From the Amazon Rainforest to the Curi River
Honors College student Isabelle Dalla shares her experience conducting research at the Guyepara research station over the summer
Honors College student reseacher Isabelle Dalla, "Izzy," recently assisted Dr. Lora Richards with research in Ecuador. Here, Izzy tells her story.
I first heard about the opportunity to go to Ecuador though the Honors College. I found out it was sponsored by Young Nevada Explorers and an NSF Government Grant. Dr. Lora Richards was the head of the trip. She is researching the relationship between herbivory and insects, specifically caterpillars, and she was open to taking undergraduate stuents to do research at the biological research stations in the Amazon rainforests of Ecuador.
Through the HON 399 class to support my research development, I was able to join Dr. Richards and conduct research on the business models of the research stations in the Amazon. Below, I describe an experience from that trip that has helped to shape my future problem-solving style.
After a week of playing card games by candlelight, falling asleep to the sounds of the forest talking to us, and waking up to the bustle of breakfast time at the Guyepara research station, it was soon time for us to leave. It was about a seven to eight hour boat ride to get to Lyarina research station: our next destination. We were ready to face the day.
Excited and apprehensive to go back to the world, we settled into the boat to snooze to the sound of the motor or to gaze at the seemingly endless different kinds of trees. At some point we started playing poker using pebbles as currency, when suddenly the motor turned off and we started to slow down. It seemed we were stopping. But we had already stopped for lunch ...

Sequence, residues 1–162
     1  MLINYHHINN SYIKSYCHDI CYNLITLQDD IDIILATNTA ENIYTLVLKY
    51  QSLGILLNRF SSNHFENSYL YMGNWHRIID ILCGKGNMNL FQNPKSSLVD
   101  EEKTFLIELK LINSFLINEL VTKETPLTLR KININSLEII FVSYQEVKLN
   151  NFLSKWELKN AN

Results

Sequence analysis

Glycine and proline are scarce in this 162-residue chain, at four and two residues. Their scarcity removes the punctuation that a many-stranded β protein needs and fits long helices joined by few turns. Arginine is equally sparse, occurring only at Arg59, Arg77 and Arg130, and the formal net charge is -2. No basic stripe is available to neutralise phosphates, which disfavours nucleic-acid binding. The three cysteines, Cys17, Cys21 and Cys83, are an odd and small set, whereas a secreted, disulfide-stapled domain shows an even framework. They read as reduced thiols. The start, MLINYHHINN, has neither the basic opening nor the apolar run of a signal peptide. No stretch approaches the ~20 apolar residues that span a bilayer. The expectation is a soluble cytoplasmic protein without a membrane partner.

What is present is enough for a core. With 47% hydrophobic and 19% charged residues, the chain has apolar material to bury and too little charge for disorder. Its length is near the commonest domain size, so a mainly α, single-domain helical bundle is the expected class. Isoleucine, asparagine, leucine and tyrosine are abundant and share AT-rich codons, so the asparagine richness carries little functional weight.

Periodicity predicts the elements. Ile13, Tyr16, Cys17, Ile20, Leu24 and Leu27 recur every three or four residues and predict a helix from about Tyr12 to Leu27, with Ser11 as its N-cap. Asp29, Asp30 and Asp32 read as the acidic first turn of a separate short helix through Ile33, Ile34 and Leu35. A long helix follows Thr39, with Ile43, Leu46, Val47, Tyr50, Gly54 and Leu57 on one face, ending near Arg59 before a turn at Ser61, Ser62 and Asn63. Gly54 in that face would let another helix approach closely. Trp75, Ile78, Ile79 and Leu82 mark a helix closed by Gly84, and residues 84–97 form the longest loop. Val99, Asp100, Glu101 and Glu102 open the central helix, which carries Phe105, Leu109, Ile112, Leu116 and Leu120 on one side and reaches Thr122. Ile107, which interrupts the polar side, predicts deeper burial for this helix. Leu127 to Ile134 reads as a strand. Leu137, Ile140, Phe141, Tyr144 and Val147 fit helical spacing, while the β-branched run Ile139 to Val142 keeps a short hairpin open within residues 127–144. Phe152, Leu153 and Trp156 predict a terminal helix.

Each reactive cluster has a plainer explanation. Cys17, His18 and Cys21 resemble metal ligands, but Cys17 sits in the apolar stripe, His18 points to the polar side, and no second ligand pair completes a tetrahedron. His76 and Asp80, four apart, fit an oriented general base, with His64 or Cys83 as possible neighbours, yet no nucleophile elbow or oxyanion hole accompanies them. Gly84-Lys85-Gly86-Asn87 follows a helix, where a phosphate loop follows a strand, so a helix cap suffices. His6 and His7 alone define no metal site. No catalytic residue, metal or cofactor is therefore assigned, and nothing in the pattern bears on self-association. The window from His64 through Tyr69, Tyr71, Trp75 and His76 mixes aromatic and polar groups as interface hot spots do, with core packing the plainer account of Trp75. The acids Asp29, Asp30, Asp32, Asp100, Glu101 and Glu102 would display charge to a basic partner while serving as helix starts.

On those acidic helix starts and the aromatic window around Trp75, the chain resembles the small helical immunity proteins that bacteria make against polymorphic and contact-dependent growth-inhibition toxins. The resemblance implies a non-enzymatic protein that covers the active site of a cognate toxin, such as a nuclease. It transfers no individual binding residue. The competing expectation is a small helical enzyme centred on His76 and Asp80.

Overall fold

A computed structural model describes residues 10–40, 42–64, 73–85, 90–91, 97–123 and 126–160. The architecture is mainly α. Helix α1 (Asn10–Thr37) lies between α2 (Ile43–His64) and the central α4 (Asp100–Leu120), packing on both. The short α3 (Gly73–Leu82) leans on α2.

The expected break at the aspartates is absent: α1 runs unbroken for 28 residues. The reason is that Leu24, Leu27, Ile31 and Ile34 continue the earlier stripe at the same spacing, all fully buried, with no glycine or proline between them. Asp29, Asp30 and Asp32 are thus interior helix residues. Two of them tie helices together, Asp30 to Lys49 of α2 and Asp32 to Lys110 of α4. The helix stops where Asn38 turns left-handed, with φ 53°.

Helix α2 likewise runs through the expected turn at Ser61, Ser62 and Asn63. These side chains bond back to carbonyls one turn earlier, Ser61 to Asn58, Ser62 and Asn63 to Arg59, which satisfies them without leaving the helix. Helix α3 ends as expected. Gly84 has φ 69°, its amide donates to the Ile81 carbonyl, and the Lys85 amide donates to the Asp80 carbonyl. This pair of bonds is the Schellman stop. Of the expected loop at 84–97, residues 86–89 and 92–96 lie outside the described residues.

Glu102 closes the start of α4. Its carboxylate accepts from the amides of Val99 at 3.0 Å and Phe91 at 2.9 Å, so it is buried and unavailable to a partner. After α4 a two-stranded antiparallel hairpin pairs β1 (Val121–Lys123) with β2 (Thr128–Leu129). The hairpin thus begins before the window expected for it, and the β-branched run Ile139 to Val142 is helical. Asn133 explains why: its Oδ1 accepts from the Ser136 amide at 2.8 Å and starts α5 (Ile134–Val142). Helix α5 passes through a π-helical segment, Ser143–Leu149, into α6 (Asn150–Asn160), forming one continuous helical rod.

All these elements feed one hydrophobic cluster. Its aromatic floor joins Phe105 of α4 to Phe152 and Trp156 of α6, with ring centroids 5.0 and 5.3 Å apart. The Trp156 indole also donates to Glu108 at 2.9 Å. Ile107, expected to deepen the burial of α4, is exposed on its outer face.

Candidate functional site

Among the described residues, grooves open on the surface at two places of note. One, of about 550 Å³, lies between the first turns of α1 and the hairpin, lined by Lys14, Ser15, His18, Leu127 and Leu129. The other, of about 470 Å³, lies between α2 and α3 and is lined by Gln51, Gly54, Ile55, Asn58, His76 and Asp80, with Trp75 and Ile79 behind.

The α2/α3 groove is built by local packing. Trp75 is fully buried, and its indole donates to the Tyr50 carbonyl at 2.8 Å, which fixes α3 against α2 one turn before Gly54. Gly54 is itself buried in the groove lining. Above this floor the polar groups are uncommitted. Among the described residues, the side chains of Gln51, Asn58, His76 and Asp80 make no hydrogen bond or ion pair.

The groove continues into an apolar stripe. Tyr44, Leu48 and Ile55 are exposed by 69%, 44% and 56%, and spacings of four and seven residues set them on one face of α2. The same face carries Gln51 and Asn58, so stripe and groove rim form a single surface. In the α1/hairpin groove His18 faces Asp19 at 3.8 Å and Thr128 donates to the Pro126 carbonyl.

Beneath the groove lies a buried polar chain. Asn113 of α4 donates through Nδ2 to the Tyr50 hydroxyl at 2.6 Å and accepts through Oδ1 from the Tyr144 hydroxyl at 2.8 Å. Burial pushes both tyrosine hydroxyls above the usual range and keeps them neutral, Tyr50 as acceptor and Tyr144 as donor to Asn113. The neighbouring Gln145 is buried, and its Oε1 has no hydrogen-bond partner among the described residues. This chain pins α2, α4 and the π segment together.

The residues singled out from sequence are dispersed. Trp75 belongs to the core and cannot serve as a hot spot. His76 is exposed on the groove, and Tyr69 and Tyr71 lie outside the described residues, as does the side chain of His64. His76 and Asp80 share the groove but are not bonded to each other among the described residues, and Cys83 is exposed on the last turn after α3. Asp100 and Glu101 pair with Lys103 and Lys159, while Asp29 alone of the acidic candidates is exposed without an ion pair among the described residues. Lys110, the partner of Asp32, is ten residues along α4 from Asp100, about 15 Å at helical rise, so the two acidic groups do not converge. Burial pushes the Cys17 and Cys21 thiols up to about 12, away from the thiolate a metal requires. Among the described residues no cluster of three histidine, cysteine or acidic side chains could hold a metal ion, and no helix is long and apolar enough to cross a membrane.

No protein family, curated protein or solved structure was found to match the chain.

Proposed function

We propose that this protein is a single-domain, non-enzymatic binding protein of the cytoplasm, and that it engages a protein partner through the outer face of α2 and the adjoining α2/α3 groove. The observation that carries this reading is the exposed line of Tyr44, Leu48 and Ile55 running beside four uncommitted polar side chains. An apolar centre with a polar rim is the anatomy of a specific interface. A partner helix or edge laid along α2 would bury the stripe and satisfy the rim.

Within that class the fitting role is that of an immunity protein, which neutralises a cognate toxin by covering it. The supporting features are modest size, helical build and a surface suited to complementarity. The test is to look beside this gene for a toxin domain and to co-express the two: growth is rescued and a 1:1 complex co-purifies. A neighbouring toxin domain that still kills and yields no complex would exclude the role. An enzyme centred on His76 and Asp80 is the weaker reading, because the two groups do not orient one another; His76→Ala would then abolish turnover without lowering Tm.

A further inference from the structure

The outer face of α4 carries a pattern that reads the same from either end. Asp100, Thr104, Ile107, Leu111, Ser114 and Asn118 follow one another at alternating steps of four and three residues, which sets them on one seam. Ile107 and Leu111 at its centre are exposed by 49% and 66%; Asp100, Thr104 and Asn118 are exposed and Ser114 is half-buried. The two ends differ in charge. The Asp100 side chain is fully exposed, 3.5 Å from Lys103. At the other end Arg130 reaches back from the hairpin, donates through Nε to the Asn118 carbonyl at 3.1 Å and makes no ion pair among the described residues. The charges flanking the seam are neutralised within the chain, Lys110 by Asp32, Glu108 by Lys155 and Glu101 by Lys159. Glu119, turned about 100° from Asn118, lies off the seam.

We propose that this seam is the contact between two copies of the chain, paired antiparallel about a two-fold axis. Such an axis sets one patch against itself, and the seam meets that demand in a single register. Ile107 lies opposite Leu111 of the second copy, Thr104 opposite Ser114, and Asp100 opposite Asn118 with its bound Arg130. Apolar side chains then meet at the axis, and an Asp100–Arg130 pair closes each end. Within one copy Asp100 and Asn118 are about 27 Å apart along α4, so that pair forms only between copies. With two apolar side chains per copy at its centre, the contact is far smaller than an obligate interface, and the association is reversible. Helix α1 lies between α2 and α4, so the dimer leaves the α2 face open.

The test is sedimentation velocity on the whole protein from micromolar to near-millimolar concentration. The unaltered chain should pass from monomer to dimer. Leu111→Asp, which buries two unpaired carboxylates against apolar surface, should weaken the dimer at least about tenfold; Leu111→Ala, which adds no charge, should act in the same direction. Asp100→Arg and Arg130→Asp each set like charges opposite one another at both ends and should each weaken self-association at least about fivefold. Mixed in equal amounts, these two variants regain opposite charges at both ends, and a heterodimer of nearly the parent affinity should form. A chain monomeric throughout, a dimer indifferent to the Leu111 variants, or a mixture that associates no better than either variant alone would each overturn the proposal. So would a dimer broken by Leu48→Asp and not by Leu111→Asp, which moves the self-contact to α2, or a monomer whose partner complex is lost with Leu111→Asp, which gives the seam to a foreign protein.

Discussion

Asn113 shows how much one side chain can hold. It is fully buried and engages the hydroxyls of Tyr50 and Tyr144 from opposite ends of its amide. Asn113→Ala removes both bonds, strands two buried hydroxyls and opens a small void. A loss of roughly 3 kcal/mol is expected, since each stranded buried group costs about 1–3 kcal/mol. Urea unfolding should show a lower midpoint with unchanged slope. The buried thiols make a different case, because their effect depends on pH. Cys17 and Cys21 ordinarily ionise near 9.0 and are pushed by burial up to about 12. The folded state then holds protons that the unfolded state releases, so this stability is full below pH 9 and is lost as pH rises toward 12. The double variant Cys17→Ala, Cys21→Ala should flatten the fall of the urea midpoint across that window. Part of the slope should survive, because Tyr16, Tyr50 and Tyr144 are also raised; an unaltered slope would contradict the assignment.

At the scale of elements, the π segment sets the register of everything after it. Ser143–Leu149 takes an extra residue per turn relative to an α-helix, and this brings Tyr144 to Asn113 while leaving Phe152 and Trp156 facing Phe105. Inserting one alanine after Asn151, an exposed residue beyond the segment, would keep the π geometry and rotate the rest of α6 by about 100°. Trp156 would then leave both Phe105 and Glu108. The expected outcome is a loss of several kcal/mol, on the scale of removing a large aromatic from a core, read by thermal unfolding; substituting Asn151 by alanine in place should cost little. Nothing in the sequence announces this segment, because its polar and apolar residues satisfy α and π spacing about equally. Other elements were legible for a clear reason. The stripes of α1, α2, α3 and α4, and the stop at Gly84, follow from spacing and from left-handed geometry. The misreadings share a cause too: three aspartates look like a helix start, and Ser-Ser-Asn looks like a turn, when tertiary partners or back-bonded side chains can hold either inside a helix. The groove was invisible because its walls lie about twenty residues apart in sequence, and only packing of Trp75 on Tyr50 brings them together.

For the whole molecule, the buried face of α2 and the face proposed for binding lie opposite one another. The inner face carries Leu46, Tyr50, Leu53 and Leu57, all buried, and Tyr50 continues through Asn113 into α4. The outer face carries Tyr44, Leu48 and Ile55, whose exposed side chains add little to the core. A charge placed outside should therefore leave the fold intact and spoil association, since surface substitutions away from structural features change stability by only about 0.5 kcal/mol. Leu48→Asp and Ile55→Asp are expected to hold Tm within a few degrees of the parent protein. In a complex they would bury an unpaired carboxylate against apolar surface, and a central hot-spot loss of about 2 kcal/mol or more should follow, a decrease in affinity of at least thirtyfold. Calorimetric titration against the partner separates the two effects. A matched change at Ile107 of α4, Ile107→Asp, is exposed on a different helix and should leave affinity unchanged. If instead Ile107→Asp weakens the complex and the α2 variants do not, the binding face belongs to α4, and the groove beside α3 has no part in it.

We all looked up to see that a giant tree had fallen the night before in the rainstorm, blocking the entire path. While this wasn’t the most unusual or surprising thing to happen in a rainforest, it definitely wasn’t a problem everyone knew how to solve. All the people from the boat in front had already leaped out and had started working on ways to remedy the problem. One guy had an electric saw out and was trying to saw at the trunk, another lady was cutting off the branches at the top, yet others were trying to dig a trench for us to squeeze through. We just stood for a moment watching this seamless teamwork.
The fascinating part was that no one was stressed out. No cussing, no blaming, no excuses or apologies. They simply started trying different ways for us to try and get through. This was an interesting space to be in because it wasn’t like there was an immediate solution. It was collaborative, but not too many people working on one thing. I could feel that they were still valuing and respecting each person’s method of success. Everyone was in exploration mode. Creation mode. A mode I thrive in. Seeing it more as a puzzle that needs to be solved, rather than a stress-inducing nightmare. This is the difference between anxious and excited.
As I prepare to lead my Honor’s Ambassadors team at the University of Nevada, Reno in the Fall, this is the type of teamwork community that I aspire to facilitate and lead. By only being an observer of this moment, I’ve already had major takeaways. I realized I want to be someone who carries this calmness with me as I venture out on my problem solving journeys. The amount of gratitude I feel towards Dr. Lora Richards, Honors College, Young Nevada Explorers Program, and my University for this opportunity to go to Ecuador is indescribable. This story was just one moment out of hundreds I could tell you about the serenity energy that surrounds the people there.
About the author
Isabelle Dalla is an International Business and Economics dual major.